Meanwhile, Megaloid momworship has got completely out of hand. Our land, subjectively mapped, would have more silver cords and apron strings crisscrossing it than railroads and telephone wires. Mom is everywhere and everything and damned near everybody, and from her depends all the rest of the U. S.  Disguised as good old mom, dear old mom, sweet old mom, your loving mom, and so on, she is the bride at every funeral and the corpse at every wedding. Men live for her and die for her, dote upon her and whisper her name as they pass away, and I believe she has now achieved, in the hierarchy of miscellaneous articles, a spot next to the Bible and the Flag, being reckoned part of both in a way. She may therefore soon be granted by the House of Representatives the especial supreme and extraordinary right of sitting on top of both when she chooses, which, God knows, she does. At any rate, if no such bill is under consideration, the presentation of one would cause little debate among the solons. These sages take cracks at their native land and makes jokes about Holy Writ, but nobody among them–no great man or brave–from the first day of the first congressional meeting to the present ever stood in our halls of state and pronounced the one indubitably most-needed American verity: “Gentlemen, mom is a jerk.”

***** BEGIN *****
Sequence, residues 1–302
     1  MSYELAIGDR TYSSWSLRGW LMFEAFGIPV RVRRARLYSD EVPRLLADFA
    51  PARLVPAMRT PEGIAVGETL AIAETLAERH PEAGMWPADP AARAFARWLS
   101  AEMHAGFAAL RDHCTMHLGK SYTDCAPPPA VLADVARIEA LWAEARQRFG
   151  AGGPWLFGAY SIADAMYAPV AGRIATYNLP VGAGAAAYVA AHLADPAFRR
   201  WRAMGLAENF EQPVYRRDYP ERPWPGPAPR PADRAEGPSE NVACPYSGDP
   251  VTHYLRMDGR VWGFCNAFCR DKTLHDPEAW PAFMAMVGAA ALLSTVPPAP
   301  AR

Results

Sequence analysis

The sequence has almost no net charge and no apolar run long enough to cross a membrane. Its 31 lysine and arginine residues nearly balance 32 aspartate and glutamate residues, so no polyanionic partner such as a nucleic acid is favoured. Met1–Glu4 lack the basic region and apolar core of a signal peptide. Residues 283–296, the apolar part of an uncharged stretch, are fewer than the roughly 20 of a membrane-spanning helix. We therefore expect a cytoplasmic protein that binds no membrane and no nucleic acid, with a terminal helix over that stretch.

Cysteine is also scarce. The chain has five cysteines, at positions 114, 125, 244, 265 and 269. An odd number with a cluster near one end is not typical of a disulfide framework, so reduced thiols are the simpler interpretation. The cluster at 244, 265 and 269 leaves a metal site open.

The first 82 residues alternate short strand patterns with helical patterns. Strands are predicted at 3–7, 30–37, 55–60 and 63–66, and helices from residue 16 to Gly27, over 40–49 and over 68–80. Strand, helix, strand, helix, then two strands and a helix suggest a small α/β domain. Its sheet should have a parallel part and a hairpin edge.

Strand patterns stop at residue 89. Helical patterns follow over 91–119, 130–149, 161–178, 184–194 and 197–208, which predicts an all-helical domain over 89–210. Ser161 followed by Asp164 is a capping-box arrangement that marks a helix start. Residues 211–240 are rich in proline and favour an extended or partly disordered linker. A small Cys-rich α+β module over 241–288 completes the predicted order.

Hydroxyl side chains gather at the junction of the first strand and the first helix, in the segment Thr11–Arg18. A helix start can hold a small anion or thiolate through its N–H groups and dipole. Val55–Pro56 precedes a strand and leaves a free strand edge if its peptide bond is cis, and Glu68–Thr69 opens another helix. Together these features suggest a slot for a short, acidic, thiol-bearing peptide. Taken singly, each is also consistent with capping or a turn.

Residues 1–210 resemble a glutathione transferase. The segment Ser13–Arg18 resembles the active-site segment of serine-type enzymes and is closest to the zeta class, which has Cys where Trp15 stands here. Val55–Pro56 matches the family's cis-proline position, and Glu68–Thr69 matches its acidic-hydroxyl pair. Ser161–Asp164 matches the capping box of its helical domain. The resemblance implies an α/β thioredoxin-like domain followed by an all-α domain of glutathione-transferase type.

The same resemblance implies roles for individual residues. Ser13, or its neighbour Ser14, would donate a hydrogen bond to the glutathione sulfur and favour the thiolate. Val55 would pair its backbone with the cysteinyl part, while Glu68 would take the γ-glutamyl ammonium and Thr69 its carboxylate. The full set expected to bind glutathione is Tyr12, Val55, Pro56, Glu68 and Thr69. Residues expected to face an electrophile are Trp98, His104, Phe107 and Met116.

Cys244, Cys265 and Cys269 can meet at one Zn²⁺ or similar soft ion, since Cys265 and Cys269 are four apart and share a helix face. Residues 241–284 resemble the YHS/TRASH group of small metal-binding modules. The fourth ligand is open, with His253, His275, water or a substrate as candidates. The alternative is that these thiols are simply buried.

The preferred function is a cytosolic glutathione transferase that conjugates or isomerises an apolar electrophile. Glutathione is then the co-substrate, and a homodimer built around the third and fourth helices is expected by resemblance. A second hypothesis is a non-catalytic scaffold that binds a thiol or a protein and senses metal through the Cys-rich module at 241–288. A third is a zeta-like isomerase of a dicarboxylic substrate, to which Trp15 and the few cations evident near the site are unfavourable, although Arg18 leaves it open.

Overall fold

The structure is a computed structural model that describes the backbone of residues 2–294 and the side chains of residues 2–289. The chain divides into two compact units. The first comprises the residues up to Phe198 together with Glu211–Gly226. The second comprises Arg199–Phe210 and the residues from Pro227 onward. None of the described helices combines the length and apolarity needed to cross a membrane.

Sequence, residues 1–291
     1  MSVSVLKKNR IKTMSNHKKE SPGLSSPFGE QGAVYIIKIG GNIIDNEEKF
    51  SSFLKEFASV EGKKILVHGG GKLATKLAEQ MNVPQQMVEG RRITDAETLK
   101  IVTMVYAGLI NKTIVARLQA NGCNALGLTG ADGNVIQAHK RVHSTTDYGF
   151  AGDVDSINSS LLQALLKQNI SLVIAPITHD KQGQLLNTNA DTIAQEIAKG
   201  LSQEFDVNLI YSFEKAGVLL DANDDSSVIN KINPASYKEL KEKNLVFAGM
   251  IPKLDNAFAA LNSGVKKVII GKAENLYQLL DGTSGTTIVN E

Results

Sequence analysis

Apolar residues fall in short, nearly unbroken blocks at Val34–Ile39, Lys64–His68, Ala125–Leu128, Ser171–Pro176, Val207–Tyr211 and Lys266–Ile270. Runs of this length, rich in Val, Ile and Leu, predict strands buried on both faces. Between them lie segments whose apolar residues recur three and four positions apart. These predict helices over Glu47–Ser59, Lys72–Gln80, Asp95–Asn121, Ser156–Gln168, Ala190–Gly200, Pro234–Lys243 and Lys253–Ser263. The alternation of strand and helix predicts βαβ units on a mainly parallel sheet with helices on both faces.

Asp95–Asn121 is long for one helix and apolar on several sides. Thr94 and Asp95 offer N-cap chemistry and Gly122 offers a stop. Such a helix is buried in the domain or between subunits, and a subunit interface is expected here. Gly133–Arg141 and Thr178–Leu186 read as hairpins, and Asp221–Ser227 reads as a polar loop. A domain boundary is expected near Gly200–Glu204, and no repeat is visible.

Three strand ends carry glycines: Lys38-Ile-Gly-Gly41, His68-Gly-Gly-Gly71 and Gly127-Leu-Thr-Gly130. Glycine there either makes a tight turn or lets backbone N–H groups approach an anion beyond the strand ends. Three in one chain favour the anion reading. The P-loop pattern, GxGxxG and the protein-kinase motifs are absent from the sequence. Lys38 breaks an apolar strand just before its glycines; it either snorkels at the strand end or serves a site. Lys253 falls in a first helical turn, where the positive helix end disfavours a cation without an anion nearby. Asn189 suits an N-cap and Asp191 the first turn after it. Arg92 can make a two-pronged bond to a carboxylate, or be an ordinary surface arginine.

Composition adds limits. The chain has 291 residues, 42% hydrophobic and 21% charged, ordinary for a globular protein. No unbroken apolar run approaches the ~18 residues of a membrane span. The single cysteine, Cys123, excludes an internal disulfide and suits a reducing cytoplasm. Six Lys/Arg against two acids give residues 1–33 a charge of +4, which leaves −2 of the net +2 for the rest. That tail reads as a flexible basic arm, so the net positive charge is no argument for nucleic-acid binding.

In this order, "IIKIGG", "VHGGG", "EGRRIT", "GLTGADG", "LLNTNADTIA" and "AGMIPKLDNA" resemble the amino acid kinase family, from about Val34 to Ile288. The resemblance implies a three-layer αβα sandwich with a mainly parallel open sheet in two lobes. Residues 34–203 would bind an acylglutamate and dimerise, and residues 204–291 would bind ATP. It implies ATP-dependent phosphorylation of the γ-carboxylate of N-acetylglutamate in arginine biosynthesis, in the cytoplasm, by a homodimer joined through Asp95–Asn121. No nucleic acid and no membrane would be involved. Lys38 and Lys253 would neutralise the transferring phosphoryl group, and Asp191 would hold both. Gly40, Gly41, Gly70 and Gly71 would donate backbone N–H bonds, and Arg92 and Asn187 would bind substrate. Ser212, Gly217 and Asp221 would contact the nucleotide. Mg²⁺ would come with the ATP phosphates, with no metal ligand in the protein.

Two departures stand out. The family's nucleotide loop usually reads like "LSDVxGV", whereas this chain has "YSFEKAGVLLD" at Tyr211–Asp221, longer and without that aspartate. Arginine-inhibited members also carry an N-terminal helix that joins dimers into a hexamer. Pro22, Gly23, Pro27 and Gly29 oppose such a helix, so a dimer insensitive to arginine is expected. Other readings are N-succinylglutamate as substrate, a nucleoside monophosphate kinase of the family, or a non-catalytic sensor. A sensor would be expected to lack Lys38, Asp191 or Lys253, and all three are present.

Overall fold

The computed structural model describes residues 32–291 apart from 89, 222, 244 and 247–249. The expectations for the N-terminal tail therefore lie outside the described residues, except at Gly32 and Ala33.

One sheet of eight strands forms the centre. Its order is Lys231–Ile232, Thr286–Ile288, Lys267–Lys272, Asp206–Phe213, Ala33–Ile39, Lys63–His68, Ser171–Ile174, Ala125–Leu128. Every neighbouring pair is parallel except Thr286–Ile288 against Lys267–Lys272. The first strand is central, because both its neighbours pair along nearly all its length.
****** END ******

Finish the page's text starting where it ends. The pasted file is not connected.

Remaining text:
Mom is something new in the world of men. Hitherto, mom has been so busy raising a large family, keeping house, doing the chores, and fabricating everything in every home except the floor and the walls that she was rarely a problem to her family or to her equally busy friends, and never one to herself. Usually, until very recently, mom folded up and died of hard work somewhere in the middle of her life. Old ladies were scarce and those who managed to get old did so by making remarkable inner adjustments and by virtue of a fabulous horniness of body, so that they lent to old age not only dignity but metal. (pp. 185-186)